Koon Yew Yin's Blog

Why infrastructure is so important? - Koon Yew Yin

Koon Yew Yin
Publish date: Tue, 28 Nov 2023, 10:17 AM
Koon Yew Yin
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An official blog in i3investor to publish sharing by Mr. Koon Yew Yin.

All materials published here are prepared by Mr. Koon Yew Yin

Koon Yew Yin, 18th Nov 2023

Infrastructure is the key factor for the success of any country and its people. Infrastructure is important because it powers businesses and connects workers to their jobs and citizens to opportunities for healthcare and education. It also creates opportunities within communities and an economy needs reliable infrastructure to connect supply chains and move goods and services.

Infrastructure enables trade, fosters innovation, and enhances the quality of life for people.

Some examples of infrastructure are roads, tunnels, bridges, railways, ports, airports, dams, reservoirs, waterways, canals, electricity grids, telephone lines, cellphone towers, internet networks, fire stations, hospitals, schools, sanitation facilities, and public parks.

Infrastructure can be classified into two broad categories: hard and soft. Hard infrastructure refers to the physical networks and systems that provide essential services, such as transportation, energy, water, and communication. Soft infrastructure refers to the human capital and institutions that support the effective functioning of society, such as education, health, law enforcement, and governance.

Infrastructure is also related to many of the Sustainable Development Goals (SDGs) that aim to end poverty, protect the planet, and ensure peace and prosperity for all by 2030. For example, infrastructure can help provide access to basic services, build resilience and reduce vulnerability to climate change and disasters, end hunger and promote sustainable agriculture, ensure clean water and sanitation, increase access to affordable and clean energy, and support inclusive and sustainable industrialization.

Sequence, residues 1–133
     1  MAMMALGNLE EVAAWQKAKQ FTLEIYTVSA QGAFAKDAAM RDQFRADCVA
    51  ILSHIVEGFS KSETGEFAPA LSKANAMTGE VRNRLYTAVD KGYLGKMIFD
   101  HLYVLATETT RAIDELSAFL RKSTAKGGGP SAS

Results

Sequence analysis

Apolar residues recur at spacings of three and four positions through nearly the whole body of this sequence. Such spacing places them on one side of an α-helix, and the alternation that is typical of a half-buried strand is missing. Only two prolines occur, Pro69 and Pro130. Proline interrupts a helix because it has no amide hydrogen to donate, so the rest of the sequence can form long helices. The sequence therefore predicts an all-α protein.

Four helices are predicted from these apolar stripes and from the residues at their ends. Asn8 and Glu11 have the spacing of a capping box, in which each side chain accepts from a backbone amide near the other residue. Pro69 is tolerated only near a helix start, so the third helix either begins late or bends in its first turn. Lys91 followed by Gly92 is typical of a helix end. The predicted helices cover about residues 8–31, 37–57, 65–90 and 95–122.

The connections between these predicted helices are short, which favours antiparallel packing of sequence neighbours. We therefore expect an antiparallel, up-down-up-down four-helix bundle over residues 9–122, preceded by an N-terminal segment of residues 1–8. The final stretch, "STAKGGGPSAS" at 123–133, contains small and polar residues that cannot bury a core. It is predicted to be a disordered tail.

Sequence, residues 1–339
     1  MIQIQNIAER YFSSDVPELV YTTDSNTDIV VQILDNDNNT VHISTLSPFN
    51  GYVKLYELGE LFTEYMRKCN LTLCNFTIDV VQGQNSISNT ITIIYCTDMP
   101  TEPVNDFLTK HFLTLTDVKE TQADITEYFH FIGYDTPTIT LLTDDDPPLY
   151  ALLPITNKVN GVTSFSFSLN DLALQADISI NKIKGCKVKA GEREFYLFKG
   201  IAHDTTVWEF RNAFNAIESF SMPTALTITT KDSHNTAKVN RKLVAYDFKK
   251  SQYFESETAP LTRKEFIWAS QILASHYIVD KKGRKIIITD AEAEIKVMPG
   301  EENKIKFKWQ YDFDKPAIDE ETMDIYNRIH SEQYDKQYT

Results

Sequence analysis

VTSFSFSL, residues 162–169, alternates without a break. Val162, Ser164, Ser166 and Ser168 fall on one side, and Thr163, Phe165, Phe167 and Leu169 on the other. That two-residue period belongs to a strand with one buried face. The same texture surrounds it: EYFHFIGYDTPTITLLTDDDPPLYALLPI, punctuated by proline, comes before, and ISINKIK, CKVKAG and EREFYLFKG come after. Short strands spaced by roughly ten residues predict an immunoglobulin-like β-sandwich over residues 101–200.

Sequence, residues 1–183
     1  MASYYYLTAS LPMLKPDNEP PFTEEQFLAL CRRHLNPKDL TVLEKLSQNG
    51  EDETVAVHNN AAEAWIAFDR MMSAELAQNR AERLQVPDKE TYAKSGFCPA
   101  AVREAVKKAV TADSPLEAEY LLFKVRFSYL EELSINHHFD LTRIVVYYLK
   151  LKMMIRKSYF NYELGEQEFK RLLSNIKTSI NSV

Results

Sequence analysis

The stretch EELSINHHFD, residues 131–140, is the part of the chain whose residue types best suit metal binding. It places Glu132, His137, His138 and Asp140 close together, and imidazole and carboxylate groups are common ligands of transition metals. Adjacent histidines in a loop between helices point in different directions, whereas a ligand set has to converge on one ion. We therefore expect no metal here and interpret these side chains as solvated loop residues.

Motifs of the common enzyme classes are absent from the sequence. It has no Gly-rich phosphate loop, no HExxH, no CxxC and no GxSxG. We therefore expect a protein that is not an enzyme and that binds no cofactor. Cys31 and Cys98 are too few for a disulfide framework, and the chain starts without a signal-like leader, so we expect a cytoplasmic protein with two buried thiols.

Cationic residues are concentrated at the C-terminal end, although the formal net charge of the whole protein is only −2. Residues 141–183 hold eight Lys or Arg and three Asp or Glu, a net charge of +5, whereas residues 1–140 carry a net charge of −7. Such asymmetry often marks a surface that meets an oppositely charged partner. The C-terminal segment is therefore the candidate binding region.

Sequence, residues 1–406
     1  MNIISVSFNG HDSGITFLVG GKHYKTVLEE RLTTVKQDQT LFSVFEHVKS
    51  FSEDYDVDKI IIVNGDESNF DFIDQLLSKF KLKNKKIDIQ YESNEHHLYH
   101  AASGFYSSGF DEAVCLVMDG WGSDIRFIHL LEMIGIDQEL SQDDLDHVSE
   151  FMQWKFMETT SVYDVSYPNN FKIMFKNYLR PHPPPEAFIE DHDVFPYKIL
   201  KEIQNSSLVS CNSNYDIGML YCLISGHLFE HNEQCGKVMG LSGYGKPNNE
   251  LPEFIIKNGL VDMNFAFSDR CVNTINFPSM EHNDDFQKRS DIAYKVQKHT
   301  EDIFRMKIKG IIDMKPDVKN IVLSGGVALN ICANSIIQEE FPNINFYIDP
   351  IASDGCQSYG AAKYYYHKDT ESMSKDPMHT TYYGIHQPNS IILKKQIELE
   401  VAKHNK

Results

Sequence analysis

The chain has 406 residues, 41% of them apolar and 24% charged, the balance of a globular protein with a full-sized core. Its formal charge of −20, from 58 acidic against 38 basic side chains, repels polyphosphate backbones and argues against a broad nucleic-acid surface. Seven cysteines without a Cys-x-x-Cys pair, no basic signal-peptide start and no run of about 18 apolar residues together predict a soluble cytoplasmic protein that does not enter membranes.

Key factor for the success of any country and its people.

Investing in sustainable and resilient infrastructure can boost economic growth, create jobs, reduce poverty, improve social equity, and protect the environment. However, there is a huge gap between the demand and supply of  infrastructure, especially in developing countries. Innovative approaches to infrastructure finance and public procurement are needed to close this gap and ensure that infrastructure projects are aligned with the SDGs.

My involvement in infrastructure constructions.

After my graduation in 1957, I started working for JKR and I was involved in the construction of the Merdeka Station where Tungku Abdul Rahman declared Merdeka for Malaya.

I also supervised the construction of the National Indoor Stadium where the first Thomas Cup badminton was played. During the opening ceremony, I shook hands with our first Agong who was the Sultan of Perlis. Malaysia won the Thomas Cup which signified Malaysia had the best badminton players in the world. The best single badminton player in the world was Wong Peng Soon from Penang.

Muda River Irrigation Project: